This issue of Let’s Talk is devoted to leadership in the Church. There is a natural temptation to look to models of leadership from social institutions because the Church is a society in the world that operates according to social, political, and economic “laws.” Pastoral leaders can be taught leadership skills that come out of sociological and political models. But as I read history (and I read a lot of it), the great leaders are those who projected a worldview, a vision of how things should be. The greatest leaders also had the political skills to get people on board with their vision. Doris Kearns Goodwin’s Team of Rivals: The Political Genius of Abraham Lincoln (Simon and Shuster, 2005) became so popular, I think, because it demonstrated Lincoln’s political skills in holding together a young and potentially contentious political party in order to help him hold the union together in its darkest hours. But these skills were all in the service of the worldview Lincoln projected to the divided nation in his remarkable addresses. Pastors have this opportunity week after week to draw a congregation together by projecting a view of reality that is admittedly at odds with the reality their people live in and experience all through the week.
This is something I tried to do throughout 44 years of active pastoral and teaching ministry. I boldly share an example with the readers of Let’s Talk: my last sermon as Pastor of Immanuel Lutheran Church in Evanston and my last sermon before retirement. I provide it here as an example of projecting a worldview that gathers the church in a time of transition.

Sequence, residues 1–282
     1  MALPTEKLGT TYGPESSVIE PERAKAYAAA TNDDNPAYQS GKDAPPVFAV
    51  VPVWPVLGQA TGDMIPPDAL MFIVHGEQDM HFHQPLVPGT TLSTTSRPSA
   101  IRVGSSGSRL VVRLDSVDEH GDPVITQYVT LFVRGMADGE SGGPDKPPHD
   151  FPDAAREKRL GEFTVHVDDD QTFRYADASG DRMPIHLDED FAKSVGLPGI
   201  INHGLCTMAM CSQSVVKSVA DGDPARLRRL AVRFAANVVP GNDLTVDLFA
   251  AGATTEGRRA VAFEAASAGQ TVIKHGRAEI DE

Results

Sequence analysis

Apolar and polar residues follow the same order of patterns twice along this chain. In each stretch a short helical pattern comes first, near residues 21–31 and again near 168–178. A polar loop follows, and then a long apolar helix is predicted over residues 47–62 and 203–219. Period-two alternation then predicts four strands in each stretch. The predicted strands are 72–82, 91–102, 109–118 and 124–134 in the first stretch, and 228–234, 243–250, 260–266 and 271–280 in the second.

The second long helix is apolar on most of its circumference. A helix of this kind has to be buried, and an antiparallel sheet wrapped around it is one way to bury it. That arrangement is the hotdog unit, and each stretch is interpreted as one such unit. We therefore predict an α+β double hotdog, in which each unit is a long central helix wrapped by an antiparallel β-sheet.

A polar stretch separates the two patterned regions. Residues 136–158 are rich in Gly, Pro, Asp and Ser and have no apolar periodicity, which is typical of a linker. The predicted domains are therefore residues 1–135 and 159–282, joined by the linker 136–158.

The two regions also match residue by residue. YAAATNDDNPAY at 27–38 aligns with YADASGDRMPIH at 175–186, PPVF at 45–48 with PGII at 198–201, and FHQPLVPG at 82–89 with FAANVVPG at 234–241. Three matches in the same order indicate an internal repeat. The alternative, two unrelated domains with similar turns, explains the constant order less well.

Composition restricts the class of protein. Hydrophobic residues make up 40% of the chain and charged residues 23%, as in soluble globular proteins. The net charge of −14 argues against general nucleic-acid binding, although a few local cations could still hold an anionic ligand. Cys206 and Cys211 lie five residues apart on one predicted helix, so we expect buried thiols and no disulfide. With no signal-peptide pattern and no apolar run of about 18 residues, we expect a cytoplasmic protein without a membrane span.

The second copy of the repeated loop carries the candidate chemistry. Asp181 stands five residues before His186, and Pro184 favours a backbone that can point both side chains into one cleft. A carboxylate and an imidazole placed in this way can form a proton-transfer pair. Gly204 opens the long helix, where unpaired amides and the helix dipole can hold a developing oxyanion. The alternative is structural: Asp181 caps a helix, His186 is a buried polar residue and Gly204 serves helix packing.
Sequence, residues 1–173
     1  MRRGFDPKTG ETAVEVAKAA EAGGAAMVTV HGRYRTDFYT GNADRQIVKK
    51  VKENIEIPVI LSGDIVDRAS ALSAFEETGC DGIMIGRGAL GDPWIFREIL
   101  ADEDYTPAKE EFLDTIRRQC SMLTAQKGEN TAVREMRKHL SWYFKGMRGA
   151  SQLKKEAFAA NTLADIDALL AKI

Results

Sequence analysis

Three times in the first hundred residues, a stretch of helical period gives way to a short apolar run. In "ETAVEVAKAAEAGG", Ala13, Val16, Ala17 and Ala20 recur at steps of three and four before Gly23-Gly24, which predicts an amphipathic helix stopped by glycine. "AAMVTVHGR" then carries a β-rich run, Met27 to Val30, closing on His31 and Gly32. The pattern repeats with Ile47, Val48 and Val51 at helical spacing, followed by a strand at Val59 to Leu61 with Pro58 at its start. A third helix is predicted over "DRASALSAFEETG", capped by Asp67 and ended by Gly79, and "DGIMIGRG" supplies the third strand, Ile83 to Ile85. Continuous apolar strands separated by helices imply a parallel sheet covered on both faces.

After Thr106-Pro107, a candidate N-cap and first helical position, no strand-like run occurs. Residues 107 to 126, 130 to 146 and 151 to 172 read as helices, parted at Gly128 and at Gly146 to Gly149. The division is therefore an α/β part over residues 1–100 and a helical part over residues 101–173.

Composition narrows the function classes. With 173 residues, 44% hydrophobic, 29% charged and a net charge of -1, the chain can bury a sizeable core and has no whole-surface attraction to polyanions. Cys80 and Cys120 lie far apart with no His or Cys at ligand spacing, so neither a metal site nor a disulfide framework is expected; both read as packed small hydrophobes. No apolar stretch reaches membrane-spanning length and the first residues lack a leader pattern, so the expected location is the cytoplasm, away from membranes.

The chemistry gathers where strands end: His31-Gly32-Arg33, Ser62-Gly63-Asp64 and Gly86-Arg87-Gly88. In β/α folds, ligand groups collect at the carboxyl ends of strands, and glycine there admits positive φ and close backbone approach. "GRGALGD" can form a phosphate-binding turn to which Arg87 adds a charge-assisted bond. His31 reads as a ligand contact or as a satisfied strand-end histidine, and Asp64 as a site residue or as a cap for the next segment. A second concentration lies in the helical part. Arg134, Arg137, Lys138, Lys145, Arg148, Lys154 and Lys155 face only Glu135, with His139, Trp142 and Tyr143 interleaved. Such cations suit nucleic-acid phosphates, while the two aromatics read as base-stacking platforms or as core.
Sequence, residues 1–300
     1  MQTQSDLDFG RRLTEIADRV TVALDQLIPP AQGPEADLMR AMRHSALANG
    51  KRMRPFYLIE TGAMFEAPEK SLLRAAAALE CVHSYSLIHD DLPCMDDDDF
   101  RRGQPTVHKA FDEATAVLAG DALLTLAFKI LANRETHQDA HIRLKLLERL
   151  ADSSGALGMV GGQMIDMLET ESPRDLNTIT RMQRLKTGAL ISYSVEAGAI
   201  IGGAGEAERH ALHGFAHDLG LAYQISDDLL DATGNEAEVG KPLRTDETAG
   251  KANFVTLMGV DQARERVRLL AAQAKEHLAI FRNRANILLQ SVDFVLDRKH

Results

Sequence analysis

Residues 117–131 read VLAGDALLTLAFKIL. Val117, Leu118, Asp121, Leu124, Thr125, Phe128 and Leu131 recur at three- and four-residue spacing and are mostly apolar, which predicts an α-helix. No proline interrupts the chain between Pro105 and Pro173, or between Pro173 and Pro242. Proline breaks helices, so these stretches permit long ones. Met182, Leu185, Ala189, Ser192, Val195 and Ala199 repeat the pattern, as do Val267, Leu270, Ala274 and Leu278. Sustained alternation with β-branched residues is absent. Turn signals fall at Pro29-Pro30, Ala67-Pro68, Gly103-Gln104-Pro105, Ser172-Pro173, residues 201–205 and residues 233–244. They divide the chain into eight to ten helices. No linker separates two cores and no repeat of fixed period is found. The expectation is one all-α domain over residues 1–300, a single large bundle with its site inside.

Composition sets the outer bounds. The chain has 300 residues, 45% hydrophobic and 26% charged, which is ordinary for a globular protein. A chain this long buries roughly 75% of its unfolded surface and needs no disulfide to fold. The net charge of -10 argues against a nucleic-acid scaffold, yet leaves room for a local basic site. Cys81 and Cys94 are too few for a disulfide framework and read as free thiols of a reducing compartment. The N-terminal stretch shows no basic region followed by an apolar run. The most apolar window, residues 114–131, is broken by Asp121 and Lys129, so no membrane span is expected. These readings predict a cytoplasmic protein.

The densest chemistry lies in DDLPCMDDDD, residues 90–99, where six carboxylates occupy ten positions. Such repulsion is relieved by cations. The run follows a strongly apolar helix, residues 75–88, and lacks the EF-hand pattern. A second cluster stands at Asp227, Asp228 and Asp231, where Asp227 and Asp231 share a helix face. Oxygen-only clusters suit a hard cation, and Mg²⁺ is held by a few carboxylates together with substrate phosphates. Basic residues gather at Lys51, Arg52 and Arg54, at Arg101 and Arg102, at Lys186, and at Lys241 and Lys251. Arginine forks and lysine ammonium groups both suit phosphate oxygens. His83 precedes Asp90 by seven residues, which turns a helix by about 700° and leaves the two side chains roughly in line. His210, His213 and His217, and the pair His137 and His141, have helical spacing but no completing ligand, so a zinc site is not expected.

Last Sunday at Immanuel. June 16, 2013
After Pentecost Year C.
Texts: 2 Samuel 11:26-12:15; Psalm 32; Galatians 2:15-21; Luke 7:36-8:3
It seems like this “last Sunday” has been a long time coming. I think Pope Benedict retired the easy way. He gave two-weeks’ notice and flew off in a helicopter. I gave the congregation six months’ notice of my intention to retire. I felt that it was necessary in order to plan the budget and other things for 2013. But it seems like it’s been a long goodbye. It hasn’t been easy to go through one event after another knowing it was the last this and the last that. We started getting giddy about last things, and the humor helped, as it always does.
What should I say in my last sermon to a congregation I have served for almost 23 years? I could get nostalgic and take a trip down memory lane. But we will have opportunity for that in the lunch to follow the service. My task here is to proclaim the word of God. I have found that in whatever Scripture readings we have in the lectionary God gets his word inserted into our situations.
We have some great readings today. One might wonder how applicable they are to this leave-taking of pastor and congregation. King David has committed some gross sins and is called to account by the prophet Nathan. David was a greater sinner, but when called to account he confessed his sins and repented. I’ve come to believe that that is his enduring example to us, even if our sins don’t measure up to his.
Jesus is portrayed by St. Luke as one who scandalizes the righteous Simon the Pharisee at a dinner party by accepting the ministrations of a hysterical woman of the city and forgives her sins. Jesus’ openness to people of all walks of life always seems to challenge our self-righteousness.
St. Paul is into a major controversy with the Judaizers in the early Church who think that Gentiles need to become Jews before they can become Christians. Paul argues that if the Messianic Age has really dawned, the Gentiles being grafted onto the trunk of Israel must be real Gentiles. That means they should be uncircumcized. The return to the ritual law demanded by the Judaizing missionaries was not so much a step backward as a step off the path. God was reinventing Israel.